A week ago Saturday, the President announced that rather than strike Syria that weekend, as we all expected, he was turning the whole thing over to Congress, even though he claimed he had the power to act without their consent. So he shrank as Commander in Chief.
Last night, he took the ball from Congress and handed it to Vladimir Putin, shrinking even more and basically out-sourcing Syria from another branch of his government to our enemy.
This is both pathetic and scary.
The original purpose of the speech had been to rally public support on the eve of a scheduled Senate vote on the Syria strike. Once that vote got postponed, the speech should have been postponed as well.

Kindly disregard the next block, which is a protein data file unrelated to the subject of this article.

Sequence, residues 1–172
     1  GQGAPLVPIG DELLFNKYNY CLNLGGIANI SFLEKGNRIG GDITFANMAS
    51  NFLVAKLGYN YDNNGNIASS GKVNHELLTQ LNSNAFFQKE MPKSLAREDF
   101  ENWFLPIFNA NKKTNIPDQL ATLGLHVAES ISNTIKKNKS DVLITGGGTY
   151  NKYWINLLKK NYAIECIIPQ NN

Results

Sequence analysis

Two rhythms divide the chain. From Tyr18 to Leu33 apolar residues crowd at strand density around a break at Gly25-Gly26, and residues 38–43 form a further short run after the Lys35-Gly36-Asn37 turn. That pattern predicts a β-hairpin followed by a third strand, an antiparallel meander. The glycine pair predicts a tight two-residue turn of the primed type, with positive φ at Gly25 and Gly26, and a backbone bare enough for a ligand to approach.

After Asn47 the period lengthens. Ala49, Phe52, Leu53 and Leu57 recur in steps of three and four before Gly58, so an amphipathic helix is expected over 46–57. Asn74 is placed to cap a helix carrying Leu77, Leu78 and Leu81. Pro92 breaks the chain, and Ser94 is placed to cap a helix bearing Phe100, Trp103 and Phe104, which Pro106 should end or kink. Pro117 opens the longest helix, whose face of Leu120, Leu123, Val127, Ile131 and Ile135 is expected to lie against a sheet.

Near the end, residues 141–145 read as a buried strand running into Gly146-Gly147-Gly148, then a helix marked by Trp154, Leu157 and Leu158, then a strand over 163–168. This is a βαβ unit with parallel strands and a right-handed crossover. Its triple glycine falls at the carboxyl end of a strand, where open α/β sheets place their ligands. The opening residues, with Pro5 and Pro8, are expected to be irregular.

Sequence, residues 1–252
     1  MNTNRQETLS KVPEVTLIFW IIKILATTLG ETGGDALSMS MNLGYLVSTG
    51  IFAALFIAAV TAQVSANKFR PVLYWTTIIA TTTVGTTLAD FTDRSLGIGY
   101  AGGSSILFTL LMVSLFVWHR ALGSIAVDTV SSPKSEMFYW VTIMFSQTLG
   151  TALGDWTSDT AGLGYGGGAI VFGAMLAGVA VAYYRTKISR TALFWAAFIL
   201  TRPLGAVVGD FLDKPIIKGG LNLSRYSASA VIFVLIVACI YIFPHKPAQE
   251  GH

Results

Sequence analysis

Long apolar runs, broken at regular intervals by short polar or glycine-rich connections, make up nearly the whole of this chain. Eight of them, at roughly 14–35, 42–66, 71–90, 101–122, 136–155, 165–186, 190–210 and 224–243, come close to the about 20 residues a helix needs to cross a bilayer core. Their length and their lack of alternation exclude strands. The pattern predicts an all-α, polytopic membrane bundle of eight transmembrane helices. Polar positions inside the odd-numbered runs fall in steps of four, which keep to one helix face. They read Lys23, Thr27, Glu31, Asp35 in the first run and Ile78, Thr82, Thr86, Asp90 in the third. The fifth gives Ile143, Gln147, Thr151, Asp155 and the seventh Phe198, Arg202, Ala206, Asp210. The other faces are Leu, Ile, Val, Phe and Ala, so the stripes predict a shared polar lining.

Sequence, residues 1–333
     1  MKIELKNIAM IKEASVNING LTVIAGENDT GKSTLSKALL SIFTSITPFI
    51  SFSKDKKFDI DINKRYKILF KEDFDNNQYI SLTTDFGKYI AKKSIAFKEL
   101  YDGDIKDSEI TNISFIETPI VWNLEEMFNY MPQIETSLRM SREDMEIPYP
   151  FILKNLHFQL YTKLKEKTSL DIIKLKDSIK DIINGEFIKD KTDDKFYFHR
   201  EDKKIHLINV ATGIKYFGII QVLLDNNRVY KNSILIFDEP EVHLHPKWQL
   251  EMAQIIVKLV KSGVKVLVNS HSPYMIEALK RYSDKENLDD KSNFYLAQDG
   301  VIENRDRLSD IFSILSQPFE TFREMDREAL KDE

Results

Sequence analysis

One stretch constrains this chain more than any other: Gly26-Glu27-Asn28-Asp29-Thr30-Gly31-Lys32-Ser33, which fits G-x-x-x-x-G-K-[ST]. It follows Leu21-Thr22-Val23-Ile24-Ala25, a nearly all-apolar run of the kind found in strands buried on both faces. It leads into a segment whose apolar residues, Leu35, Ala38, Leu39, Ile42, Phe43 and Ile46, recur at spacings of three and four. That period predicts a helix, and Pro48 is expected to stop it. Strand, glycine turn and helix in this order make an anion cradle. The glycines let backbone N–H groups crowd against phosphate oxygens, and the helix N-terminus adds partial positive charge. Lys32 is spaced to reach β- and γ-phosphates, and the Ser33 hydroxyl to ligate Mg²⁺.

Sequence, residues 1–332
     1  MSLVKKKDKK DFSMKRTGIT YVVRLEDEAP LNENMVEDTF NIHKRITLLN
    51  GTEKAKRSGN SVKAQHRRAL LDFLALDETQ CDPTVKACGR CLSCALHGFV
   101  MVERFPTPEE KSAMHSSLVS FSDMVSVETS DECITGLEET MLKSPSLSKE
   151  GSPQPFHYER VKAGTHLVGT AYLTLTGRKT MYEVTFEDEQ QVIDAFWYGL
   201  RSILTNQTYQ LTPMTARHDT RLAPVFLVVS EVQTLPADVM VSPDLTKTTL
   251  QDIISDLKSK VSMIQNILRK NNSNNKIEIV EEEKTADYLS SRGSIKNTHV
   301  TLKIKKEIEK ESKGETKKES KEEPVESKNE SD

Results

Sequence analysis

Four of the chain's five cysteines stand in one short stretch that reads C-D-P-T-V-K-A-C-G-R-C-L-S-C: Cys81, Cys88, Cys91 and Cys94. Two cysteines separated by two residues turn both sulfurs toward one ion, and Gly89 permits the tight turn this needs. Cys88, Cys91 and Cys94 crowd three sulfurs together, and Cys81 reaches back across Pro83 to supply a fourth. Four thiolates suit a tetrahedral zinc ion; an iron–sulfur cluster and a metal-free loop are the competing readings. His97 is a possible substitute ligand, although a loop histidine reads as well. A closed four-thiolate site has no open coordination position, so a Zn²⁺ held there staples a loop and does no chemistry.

You don’t ask all the networks for prime time to announce that you are postponing a vote in Congress so you can follow Putin down the primrose path.
On a 73-26 vote, the Senate passed a continuing resolution to keep the government funded through the rest of FY 2013, which ends September 30.
They moved money around within the Defense Department to avoid sequester-related problems, and made a number of other similar fixes, such as making sure we will have meat inspections and that the State Department can provide non-lethal aid to Syrians.
I have long believed that there should be a Kurdistan.
From “Letter from Syria,” Thomas Friedman, NYT: